In three short decades, but a moment in academic time, IPE has grown into a true interdiscipline, combining some of the best of political science and economics, centered on a emergent paradigm that structures knowledge, generates puzzles, and identifies areas likely to yield profitable future research. Despite its successes, OEP is not perfect. As indicated, many refinements and extensions are possible and, indeed, required in the years ahead. Nonetheless, OEP is a powerful approach that still promises future rewards. By working within broadly shared assumptions, methods, and epistemologies, scholars have built better and more refined theories, tested and accepted or rejected specific hypotheses, created new and more theoretically appropriate measures of key theoretical constructs, and produced better causal explanations of a variety of international economic policies. We understand the causes of trade, capital market, migration, and foreign investment policies better today than even a decade or two ago.
In my view, OEP is a model approach for the study of international institutions more generally. As noted, interests filtered through the structure of international prices and deduced from economic theory are key to OEP’s success as an explanatory framework. Other approaches lack clear theories of interests, as do many issue areas other than the economy. As a result, in many studies of international institutions, interests are often treated in an arbitrary or inductive manner and produce, at best, propositions that are hard to falsify. This is true not only of earlier, more functional theories of international regimes (Keohane 1984), but also of more recent models of institutional design (Goldstein et al. 2001; Koremenos et al. 2003). Rather than building ever more sophisticated models of institutions per se, scholars of security, the environment, human rights and other important substantive topics might be better served by developing theories of and focusing attention on the interests of actors.
By placing international institutions into a broader theory of politics, OEP is also better able to specify how, when, and why such institutions affect the play of politics within and between countries than more narrowly drawn theories. OEP has generated important insights into how international institutions enhance the credibility of international agreements, influence bargaining between states, and even alter the interests of individuals, groups, and states. Many of the insights about international institutions from OEP have been generalized to other issue areas, especially on the important role of international institutions in enhancing the credibility of agreements. Nonetheless, debate continues on the extent to which international institutions “matter,” especially in security affairs (Mearsheimer 1994; but see Haftendorn et al. 1999). Ultimately, this debate can only be resolved by general theories that identify the actors and their interests, address the role of domestic institutions in aggregating those social forces, specify the bargaining process between states and how international institutions modify outcomes from what we would expect from a pure “power politics” perspective, and, of course, endogenize the feedback effects from institutions and other international factors on the fundamental building block of interests.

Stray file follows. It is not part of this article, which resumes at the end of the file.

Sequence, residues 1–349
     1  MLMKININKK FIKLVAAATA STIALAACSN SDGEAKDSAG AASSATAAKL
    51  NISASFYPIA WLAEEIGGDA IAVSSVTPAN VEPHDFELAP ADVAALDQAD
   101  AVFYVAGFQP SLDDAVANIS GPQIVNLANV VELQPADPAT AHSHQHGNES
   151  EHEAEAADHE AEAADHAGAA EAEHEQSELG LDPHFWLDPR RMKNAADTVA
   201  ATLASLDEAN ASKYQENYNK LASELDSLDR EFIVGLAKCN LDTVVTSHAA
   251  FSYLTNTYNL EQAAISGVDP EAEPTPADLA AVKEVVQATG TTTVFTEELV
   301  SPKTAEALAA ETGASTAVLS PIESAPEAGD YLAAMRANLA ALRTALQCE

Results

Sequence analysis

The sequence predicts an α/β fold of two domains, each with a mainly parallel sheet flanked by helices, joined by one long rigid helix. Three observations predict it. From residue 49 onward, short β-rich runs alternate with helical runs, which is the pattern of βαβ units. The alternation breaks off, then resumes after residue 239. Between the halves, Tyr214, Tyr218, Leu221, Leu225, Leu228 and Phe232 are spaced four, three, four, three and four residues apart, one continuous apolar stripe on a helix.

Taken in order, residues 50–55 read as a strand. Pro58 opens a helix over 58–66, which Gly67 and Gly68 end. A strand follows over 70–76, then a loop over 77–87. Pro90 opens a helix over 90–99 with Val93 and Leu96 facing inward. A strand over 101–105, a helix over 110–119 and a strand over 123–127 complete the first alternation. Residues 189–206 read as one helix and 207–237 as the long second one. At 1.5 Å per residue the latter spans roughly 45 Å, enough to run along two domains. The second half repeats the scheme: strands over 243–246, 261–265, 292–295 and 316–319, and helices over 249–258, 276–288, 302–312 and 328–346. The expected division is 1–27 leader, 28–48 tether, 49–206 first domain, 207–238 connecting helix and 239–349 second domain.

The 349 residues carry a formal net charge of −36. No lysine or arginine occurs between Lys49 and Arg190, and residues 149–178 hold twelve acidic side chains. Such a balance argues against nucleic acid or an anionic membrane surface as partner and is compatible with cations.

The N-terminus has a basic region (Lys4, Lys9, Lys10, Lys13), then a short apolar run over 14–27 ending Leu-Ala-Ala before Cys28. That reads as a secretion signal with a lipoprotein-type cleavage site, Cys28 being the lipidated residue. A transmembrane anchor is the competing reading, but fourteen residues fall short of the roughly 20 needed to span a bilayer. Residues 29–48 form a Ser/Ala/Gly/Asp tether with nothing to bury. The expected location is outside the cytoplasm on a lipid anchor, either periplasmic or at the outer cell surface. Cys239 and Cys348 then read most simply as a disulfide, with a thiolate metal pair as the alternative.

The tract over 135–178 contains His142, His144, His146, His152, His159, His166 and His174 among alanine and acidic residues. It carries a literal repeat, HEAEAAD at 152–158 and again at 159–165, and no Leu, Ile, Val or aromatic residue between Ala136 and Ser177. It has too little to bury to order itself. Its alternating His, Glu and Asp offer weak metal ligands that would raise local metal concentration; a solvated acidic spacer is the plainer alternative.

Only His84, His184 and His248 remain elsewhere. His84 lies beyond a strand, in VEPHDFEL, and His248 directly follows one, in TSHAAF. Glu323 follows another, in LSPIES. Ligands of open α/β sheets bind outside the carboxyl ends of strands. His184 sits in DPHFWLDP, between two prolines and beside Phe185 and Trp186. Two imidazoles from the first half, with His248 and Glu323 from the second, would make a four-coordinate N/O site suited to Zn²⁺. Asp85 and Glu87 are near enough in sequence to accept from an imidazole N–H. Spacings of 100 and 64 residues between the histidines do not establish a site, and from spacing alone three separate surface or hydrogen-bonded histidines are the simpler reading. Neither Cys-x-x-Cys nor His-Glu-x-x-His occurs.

I use the concept paradigm here in the sense of Kuhn (1970), not in the looser sense normally used in political science as a school of thought. Indeed, in Kuhn’s view, the existence of many competing schools is prima facie evidence of a pre-scientific or non-paradigmatic research program. The term OEP comes from Bates (1997).
On the “two minds” problem in IPE, see Weaver (2009).
Although I have been accused of being a “triumphalist” advocate of OEP (Cohen 2009, 140), my own research does not fall neatly into the paradigm as it now exists. Indeed, this outsider’s stance motivates much of my critique of OEP in the final section of this essay. I do, however, prize scientific accumulation and work within the broader strategic choice approach of which OEP is a subset. See Lake and Powell (1999). For an attempt to outline this strategic choice approach at a general level, see Frieden et al. (2009).